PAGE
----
Yeah. As Lindsey mentioned in our groups of exclusive views, users and exclusive former smokers, we wanted people who had been exclusively using views for at least six months.
00:18:54 Nathan Gale
And in the former smoker group, people that quit smoking for a minimum of six months. Now, when we brought these people to the clinic.
00:19:01 Nathan Gale
We looked at cotinine in their urine, which gives us an indication as to whether they’re actually a nicotine user or not.
00:19:08 Nathan Gale
And we also look to exhale carbon monoxide, which gives us a further indication as to whether they are actually smoking combustible products or not.
00:19:17 Nathan Gale
And it’s really important that this was verified, because if we had people who had told us they’d quit smoking or were exclusively using views that they are actually smoking cigarettes, this would have quite a large effect on the study data.
00:19:31 Nathan Gale
Now the urinary cotinine and exhaled carbon monoxide measures that I mentioned are quite useful, but they’re quite short term measures and they certainly wouldn’t cover the previous six months.
00:19:41 Nathan Gale
So what we used in this study was something called cyanoacrylate valine, or cbal for short, which is a blood adduct of a cigarette smoke toxicant.
00:19:51 Nathan Gale
So we can measure this.
00:19:52 Nathan Gale
In the blood.
00:19:53 Nathan Gale
And because it’s an adult which sticks to red blood cells, it takes around 120 days for all your red blood cells in your body to be cleared and replaced.
00:20:02 Nathan Gale
So that marker in the blood gives us a really good indication as to whether people have been smoking for a longer period of time and just adds to that.
00:20:11 Nathan Gale
Confidence that the people in the views group and the former smoker group genuinely not been smoking for at least six months.
00:20:20 Nathan Gale
So we recruited 213 participants for this study, which took place at a clinic in central London.
00:20:26 Nathan Gale
And when we got to the end of the study, we had 205 participants who completed the study and were compliant with that blood C bowel measure that I just mentioned. So we had a good split of female and male participants in the study.
00:20:41 Nathan Gale
Around 41% female and 59% male, and the average age of the subjects was around 31 years old in the e-cigarrete and user group, we had 93 participants complete. We had 40 smokers complete.
00:20:56 Nathan Gale
35 former smokers and 37 never smokers.
00:21:01 Will Mountford
Well, you’ve mentioned the population and the location in terms of the schedule and the regular role of the assessment and all of the samples that were collected.
00:21:11 Will Mountford
Was there any particular methodology, any procedures that were being followed, and from there we can lead into the results of what that all found?
00:21:19 Nathan Gale
Yes. So the design of the study and the procedures that participants went through, I can give you a brief overview of that.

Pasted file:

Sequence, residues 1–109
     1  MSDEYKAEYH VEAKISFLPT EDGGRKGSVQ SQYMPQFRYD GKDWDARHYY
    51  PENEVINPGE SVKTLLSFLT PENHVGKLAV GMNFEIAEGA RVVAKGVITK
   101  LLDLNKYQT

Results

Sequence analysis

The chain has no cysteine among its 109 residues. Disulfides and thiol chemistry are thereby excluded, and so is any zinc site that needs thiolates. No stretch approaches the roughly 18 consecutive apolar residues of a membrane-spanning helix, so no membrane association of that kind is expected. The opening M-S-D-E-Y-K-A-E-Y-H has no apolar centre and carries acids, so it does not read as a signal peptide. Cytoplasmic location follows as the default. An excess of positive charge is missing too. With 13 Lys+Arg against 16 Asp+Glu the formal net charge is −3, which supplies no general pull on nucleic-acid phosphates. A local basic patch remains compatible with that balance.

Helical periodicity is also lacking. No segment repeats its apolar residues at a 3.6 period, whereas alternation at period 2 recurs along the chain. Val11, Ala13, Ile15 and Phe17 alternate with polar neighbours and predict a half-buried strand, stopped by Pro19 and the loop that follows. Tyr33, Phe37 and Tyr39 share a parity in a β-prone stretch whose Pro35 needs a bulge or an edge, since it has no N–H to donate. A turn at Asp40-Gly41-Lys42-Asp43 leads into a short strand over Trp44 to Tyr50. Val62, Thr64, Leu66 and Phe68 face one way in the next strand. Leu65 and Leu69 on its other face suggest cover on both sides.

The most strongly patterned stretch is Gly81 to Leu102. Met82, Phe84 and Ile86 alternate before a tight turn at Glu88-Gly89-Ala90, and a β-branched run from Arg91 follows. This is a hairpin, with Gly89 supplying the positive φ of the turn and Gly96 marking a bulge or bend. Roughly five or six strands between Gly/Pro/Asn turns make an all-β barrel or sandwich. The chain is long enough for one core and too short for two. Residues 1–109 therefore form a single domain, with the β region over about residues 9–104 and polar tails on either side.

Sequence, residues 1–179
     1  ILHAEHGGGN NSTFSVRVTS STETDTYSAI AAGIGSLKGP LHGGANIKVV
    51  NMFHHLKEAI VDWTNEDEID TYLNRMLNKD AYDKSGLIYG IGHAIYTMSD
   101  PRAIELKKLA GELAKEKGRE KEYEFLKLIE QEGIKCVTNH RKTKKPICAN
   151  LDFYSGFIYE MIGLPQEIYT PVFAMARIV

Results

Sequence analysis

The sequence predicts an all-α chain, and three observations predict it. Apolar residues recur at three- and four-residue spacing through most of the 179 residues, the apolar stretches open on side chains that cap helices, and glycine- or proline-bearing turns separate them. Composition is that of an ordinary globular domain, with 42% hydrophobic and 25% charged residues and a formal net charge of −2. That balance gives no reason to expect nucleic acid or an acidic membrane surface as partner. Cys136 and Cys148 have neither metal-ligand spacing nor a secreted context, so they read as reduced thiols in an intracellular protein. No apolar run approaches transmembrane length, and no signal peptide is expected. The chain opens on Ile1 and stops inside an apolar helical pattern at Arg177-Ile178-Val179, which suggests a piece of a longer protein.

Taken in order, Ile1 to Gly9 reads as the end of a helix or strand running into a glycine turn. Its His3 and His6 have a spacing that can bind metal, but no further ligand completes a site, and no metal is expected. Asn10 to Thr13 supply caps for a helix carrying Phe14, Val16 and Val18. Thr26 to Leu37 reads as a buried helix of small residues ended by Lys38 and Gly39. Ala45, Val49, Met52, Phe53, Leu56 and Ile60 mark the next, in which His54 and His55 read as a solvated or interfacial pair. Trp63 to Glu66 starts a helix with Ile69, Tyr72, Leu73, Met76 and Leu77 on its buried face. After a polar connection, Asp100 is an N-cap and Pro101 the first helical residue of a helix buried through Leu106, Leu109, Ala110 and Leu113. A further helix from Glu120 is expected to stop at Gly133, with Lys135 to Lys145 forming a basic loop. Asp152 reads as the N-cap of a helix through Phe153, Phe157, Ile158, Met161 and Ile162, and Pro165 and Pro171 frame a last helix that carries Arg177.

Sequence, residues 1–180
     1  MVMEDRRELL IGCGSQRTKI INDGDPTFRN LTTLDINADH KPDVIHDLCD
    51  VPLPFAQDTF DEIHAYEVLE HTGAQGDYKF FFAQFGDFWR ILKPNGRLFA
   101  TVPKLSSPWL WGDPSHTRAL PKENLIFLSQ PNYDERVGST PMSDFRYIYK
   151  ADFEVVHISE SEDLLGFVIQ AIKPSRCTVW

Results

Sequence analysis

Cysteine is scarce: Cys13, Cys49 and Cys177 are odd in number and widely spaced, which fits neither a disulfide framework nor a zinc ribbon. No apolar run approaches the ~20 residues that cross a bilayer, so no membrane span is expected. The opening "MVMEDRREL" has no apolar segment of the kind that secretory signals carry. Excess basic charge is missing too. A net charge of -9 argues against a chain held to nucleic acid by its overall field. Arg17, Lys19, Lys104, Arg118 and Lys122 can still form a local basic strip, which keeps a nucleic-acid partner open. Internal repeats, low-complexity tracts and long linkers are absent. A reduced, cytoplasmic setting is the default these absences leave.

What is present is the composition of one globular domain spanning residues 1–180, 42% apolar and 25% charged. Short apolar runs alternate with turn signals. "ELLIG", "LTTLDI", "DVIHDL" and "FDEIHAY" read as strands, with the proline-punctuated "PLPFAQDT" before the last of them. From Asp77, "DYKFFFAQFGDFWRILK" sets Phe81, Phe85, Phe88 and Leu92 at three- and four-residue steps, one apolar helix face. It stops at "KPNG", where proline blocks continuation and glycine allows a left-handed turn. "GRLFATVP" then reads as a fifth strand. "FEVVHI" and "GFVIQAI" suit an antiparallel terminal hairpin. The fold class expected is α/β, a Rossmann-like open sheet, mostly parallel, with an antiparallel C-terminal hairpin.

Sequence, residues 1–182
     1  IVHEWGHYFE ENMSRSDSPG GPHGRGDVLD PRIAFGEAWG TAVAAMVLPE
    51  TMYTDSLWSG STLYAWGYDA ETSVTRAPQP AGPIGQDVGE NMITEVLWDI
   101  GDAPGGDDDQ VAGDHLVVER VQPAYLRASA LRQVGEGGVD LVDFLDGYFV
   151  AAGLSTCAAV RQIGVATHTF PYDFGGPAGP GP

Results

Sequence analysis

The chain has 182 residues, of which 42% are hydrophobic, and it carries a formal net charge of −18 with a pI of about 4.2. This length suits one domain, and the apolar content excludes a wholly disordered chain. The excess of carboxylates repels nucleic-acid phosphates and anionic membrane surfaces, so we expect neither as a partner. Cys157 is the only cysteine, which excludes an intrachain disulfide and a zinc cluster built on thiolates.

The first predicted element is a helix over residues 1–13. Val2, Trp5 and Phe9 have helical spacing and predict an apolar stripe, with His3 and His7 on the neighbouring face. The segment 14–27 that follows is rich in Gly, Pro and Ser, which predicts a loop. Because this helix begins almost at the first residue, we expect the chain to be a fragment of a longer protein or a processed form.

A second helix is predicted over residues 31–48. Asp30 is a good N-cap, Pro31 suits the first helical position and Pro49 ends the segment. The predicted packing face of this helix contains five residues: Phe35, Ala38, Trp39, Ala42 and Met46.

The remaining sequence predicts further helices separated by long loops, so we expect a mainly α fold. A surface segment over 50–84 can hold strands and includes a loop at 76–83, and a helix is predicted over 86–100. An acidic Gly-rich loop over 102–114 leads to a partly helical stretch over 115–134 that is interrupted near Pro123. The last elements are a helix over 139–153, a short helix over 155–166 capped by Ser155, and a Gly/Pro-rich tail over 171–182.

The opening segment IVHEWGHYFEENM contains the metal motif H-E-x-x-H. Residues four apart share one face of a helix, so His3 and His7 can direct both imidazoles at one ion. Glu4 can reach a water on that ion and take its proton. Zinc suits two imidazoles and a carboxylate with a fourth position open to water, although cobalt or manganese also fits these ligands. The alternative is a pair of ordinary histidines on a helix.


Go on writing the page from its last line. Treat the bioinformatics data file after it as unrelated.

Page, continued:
00:21:25 Nathan Gale
So on day one, so the first day of the study, potential participants are invited to attend the clinic in central London to undergo what we call screening. This involves A variety of physical tests and assessment of their medical vital signs.
00:21:40 Nathan Gale
Looking at alcohol, drug and pregnancy testing and also confirming nicotine use and smoking status.
00:21:48 Nathan Gale
Using those measures I mentioned before, exhale carbon monoxide and cotinine and also applying questionnaires to look at people’s extent of tobacco and nicotine use as well.
00:21:57 Nathan Gale
And this screening is designed to achieve 2 purposes. Essentially, first of all, to make sure it is safe for that potential participant to actually take part in the study. So the findings from that screening.
00:22:08 Nathan Gale
Assessment are reviewed by a medically qualified person at the clinic and secondly to make sure that the subject is appropriate for the scientific means for the.
00:22:18 Nathan Gale
So after that screening had been performed on the same day, individuals who met those inclusion criteria were enrolled immediately and began to participate in the study, so they were kept in the clinic.
00:22:30 Nathan Gale
They supplied their own electronic cigarettes or combustible cigarettes, depending on which group of the study they’re in. They were asked to bring sufficient.
00:22:38 Nathan Gale
Numbers of those to cover their typical use for an entire 20.
00:22:41 Nathan Gale
4 hour period.
00:22:43 Nathan Gale
And they are allowed to use them as they typically would use those.
00:22:46 Nathan Gale
Products throughout their 24 hour period there in the clinic.
00:22:50 Nathan Gale
We collected all of the urine that was voided by each of the subjects and we performed blood sampling and these were the key bio samples for looking at biomarkers of exposure, potential harm and also the haemoglobin sebal adopt. We also performed some physiological assessments.
00:23:07 Nathan Gale
And had our participants complete a quality of life questionnaire as well.
00:23:10 Nathan Gale
So then at the end of day two, there were some final health and safety assessments to make sure nothing significant had changed with the participant during the.
00:23:18 Nathan Gale
Study and then the participant was discharged from the study and then a follow up phone call was performed with that participant around seven days later, just to make sure they hadn’t had any adverse experiences since then been discharged from the site.